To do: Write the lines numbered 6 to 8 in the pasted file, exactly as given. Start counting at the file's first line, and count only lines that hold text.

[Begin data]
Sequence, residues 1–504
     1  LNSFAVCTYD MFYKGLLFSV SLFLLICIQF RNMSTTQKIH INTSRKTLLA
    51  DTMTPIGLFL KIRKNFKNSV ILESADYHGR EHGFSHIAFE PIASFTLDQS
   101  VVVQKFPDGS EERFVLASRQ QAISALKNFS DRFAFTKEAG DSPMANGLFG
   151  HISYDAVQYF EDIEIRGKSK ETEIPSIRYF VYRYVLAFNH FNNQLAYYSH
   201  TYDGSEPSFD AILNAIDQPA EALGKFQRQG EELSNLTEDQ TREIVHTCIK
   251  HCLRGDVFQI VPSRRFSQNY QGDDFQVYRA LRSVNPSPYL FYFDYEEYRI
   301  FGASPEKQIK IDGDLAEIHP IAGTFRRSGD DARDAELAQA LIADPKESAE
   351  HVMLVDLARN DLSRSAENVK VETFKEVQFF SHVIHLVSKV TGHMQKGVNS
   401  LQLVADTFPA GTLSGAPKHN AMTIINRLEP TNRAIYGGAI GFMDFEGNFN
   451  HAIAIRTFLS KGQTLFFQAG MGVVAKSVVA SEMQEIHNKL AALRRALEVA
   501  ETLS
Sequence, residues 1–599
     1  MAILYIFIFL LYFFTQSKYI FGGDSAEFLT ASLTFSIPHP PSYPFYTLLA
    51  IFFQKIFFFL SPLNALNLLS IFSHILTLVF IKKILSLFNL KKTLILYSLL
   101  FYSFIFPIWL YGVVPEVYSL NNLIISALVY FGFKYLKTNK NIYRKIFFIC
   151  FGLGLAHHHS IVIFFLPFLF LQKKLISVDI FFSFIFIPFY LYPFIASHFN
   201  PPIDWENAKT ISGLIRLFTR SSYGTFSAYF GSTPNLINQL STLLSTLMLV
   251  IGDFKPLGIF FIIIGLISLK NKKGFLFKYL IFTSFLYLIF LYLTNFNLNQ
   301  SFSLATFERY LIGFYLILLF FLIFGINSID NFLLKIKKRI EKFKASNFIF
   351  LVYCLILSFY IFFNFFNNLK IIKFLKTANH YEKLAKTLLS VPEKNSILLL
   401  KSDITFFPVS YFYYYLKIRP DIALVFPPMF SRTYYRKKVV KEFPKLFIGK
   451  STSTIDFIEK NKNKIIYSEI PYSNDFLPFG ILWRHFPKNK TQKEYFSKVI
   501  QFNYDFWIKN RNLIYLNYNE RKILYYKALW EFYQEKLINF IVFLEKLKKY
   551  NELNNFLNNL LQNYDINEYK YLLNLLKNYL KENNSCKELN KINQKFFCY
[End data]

   201  TYDGSEPSFD AILNAIDQPA EALGKFQRQG EELSNLTEDQ TREIVHTCIK
   251  HCLRGDVFQI VPSRRFSQNY QGDDFQVYRA LRSVNPSPYL FYFDYEEYRI
   301  FGASPEKQIK IDGDLAEIHP IAGTFRRSGD DARDAELAQA LIADPKESAE